Nagachandra

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Nagachandra
Born 11th century CE
Died 12th century CE
Occupation Poet
Works Mallinatha-Purana, Rama-Chandra-Charita-Purana
Title Abhinava Pampa
Noted Kannada poets and writers in Hoysala Empire
(1100-1343 CE)
Nagachandra 1105
Kanti 1108
Rajaditya 12th. c
Harihara 1160–1200
Udayaditya 1150
Vritta Vilasa 1160
Kereya Padmarasa 1165
Nemichandra 1170
Sumanobana 1175
Rudrabhatta 1180
Aggala 1189
Palkuriki Somanatha 1195
Sujanottamsa(Boppana) 1180
Kavi Kama 12th c.
Devakavi 1200
Raghavanka 1200–1225
Bhanduvarma 1200
Balachandra Kavi 1204
Parsva Pandita 1205
Maghanandycharya 1209
Janna 1209–1230
Puligere Somanatha 13th c.
Hastimalla 13th c.
Chandrama 13th c.
Somaraja 1222
Gunavarma II 1235
Polalvadandanatha 1224
Andayya 1217–1235
Sisumayana 1232
Mallikarjuna 1245
Naraharitirtha 1281
Kumara Padmarasa 13th c.
Mahabala Kavi 1254
Kesiraja 1260
Kumudendu 1275
Nachiraja 1300
Ratta Kavi 1300
Nagaraja 1331
Noted Kannada poets and writers in the Seuna Yadava Kingdom
Kamalabhava 1180
Achanna 1198
Amugideva 1220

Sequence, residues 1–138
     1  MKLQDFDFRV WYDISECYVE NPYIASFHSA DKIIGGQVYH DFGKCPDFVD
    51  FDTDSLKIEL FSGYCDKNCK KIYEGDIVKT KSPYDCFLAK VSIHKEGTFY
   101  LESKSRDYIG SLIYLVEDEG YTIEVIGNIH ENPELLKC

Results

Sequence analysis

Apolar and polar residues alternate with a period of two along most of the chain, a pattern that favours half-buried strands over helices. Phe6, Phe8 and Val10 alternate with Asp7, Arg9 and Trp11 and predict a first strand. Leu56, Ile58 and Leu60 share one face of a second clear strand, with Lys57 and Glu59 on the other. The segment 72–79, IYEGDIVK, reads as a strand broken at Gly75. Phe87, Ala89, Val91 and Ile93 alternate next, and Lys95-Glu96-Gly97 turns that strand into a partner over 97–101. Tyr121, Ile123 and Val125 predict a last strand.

Chaundarasa 1300

Nagachandra or Abhinava Pampa was a 12th-century poet.

Biography

Nagachandra, a scholar and the builder of the Mallinatha Jinalaya (a Jain temple in honor of the 19th Jain tirthankar, Mallinatha, in Bijapur, Karnataka), wrote Mallinathapurana (1105), an account of the evolution of the soul of the Jain saint. According to some historians, King Veera Ballala I was his patron.[1]

Works

He wrote his magnum opus, a Jain version of the Hindu epic Ramayana called Ramachandra Charitapurana (or Pampa Ramayana).[2] Written in the traditional champu metre and in the Pauma charia tradition of Vimalasuri, it is the earliest extant version of the epic in the Kannada language.[3] The work contains 16 sections and deviates significantly from the original epic by Valmiki. Nagachandra represents King Ravana, the villain of the Hindu epic, as a tragic hero, who in a moment of weakness commits the sin of abducting Sita (wife of the Hindu god Rama) but is eventually purified by her devotion to Rama. In a further deviation, Rama's loyal brother Lakshmana (instead of Rama) kills Ravana in the final battle.[3] Eventually, Rama takes jaina-diksha (converts to Digambara monk), becomes an ascetic and attains nirvana (enlightenment). Considered a complementary work to the Pampa Bharatha of Adikavi Pampa (941, a Jain version of the epic Mahabharata), the work earned Nagachandra the honorific "Abhinava Pampa" ("new Pampa").[4] Only in the Kannada language do Jain versions exist of the Hindu epics, the Mahabharata and Ramayana, in addition to their brahminical version.[5]

Notes

  1. ^ Kamath (2001), p. 133
  2. ^ Upinder Singh 2016, p. 29.
  3. ^ a b Sahitya Akademi (1988), p. 1180
  4. ^ Sastri (1955), pp. 357–358
  5. ^ Narasimhacharya (1988), p. 66

Sources

  • Singh, Upinder (2016), A History of Ancient and Early Medieval India: From the Stone Age to the 12th Century, Pearson Education, ISBN 978-93-325-6996-6